The Gazette’s theatre columnist, Paul T Davies, is going back to where it all started for him, appearing on the stage as an actor. A successful playwright as well as a director, he’s acting again in what he calls a “once-in-a-lifetime” opportunity to appear as the Nurse in Shakespeare’s Romeo and Juliet. That’s with the Priory Players at the Headgate Theatre later this month from January 30 to February 2 at 7.45pm, with a Saturday matinee at 2.30pm. For tickets, call 01206 366000 or go to

What or who got you interested theatre? Did you take part in any productions at school?

It was my superb drama teacher, Miss Jones, and my English teacher, Mrs Bird, who saw some kind of potential in me. I was cast in Pride and Prejudice when I was about 16, and then a year later gave a pretty memorable performance as the Wicked Witch of the West in The Wizard of Oz. I can’t reach that high cackle now.

Are or were any members of your immediate family involved in the theatre?

None, where this comes from remains a mystery to this day. None of my immediate family take part in theatre even now, tough I have a god-daughter who is considered to be a bit of a drama queen.

Who is the most inspiring person you’ve worked with and why?

Women. Apologies to my gender, but all of my role models have been female. From the teachers I mention above, then especially with Everyman Theatre in Cardiff, (which I consider my drama school), where there were a group of incredible women who nurtured my talent and confidence, and here in Colchester, wonderful directors like Wendy Smith and actors like Sara Green.

What formal training have you done?

I have a BA in Humanities and MA in Drama from the University of Essex and a PhD from the University of East Anglia. I love researching and writing about theatre, but also did a huge amount of practical work and workshops on these courses that I still practice and teach.

Do you have any specialist skills – anything from stilt walking to dress-making – which you work into your repertoire?

Sometimes remembering the right lines, the right cues and not bumping into the set is a specialist skill for me.

Which experience/role do you regard as the highlight of your career to date?

With local company Father Hen, we did a four-person version of The Tempest. Director Stella Payne, (another incredible woman), cast me as Prospero, Caliban and Gonzalo. It’s the most lines I’ve ever had to learn and three substantial roles. It challenged me, terrified me, and I came out of it a better actor.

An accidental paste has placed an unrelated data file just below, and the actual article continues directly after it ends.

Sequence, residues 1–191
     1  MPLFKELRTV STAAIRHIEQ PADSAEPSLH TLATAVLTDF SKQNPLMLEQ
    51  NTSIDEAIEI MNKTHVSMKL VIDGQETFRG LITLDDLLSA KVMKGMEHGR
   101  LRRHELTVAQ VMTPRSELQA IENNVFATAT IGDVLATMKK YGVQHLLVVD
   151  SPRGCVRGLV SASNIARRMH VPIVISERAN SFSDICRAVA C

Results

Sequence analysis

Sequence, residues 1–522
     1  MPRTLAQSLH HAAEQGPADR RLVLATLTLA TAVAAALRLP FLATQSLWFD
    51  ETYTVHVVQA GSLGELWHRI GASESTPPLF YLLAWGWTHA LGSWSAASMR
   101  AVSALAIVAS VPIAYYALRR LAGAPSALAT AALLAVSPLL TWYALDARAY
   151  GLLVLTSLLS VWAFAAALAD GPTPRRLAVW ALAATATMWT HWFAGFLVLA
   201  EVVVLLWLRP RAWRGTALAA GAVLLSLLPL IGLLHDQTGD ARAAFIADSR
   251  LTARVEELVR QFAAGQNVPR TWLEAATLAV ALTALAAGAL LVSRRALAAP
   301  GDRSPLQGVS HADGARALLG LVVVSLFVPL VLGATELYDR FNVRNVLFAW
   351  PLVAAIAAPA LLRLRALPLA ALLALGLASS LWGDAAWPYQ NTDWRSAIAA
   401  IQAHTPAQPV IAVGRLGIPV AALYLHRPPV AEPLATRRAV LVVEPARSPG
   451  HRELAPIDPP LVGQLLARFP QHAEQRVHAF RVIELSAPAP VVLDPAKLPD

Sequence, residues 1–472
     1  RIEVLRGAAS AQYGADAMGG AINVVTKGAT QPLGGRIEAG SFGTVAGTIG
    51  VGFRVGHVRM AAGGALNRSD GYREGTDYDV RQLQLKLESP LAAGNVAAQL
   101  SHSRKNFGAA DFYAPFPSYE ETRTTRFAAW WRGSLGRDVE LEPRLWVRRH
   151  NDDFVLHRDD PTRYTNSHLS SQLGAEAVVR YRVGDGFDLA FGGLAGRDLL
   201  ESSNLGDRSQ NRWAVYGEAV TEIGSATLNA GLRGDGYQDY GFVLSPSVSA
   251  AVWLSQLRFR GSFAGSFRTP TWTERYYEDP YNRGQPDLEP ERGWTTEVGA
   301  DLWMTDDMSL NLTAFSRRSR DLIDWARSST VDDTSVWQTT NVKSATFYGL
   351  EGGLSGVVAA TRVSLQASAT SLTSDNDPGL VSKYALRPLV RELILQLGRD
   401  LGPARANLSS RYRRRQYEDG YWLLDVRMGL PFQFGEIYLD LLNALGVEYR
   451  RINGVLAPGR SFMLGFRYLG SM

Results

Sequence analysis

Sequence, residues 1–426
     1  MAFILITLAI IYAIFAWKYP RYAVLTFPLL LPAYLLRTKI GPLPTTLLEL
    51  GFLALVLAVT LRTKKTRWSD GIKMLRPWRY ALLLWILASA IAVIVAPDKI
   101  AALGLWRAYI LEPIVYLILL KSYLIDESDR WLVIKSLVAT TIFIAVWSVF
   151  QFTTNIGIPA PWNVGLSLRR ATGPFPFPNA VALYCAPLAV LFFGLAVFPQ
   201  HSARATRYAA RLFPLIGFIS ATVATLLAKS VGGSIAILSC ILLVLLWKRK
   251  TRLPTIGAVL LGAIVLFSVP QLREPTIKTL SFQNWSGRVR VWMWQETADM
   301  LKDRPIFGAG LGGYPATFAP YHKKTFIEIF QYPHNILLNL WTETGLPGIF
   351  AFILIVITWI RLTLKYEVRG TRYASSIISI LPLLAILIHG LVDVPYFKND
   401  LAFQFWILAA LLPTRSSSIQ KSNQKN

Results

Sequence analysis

What has been your most embarrassing moment on stage?

Getting to the end of a performance of What The Butler Saw, (which I think was the last play I acted in at the Headgate), and forgetting my final line. Instead of saying: “Love must bring greater joy than violence”, I said: “because love is greater... than comfort and joy.” Then, because it was close to Christmas, I repeated “Comfort and Joy.” Those on stage with me still remind me of that.

What role would you most like to play and why?

I still haven’t played Malvolio in Twelfth Night. Time is running out!!

Ever corpsed on stage? What happened?

When I was student, I was in a particularly giggly production of the Wizard of Oz, (again), this time I was the Tin Man. I held it together until I unrolled the proclamation, and the crew had written on it “Who’s got a big chopper then?”

Any big plans for the future?

My company, Stage Write, has had a remarkable couple of years and my plays have performed at the Edinburgh Fringe, London and throughout the UK, particularly my play Living with Luke. I’m taking a break from producing to write new plays and screenplays, so, hopefully, there will be exciting productions coming soon. Of course, I’m playing the Nurse in a once in lifetime chance to act that role, and in the autumn I’m directing The Beauty Queen of Lenanne for Colchester Theatre Group. I’m also back in the reviewing seat throughout the year.

Any tricks for remembering your lines or other useful tips to pass on to other actors/directors?

There’s no easy way. Go over them every day and rehearse as much as you can with the actors, meet outside of the rehearsals if necessary. And learn them early, don’t leave it too late.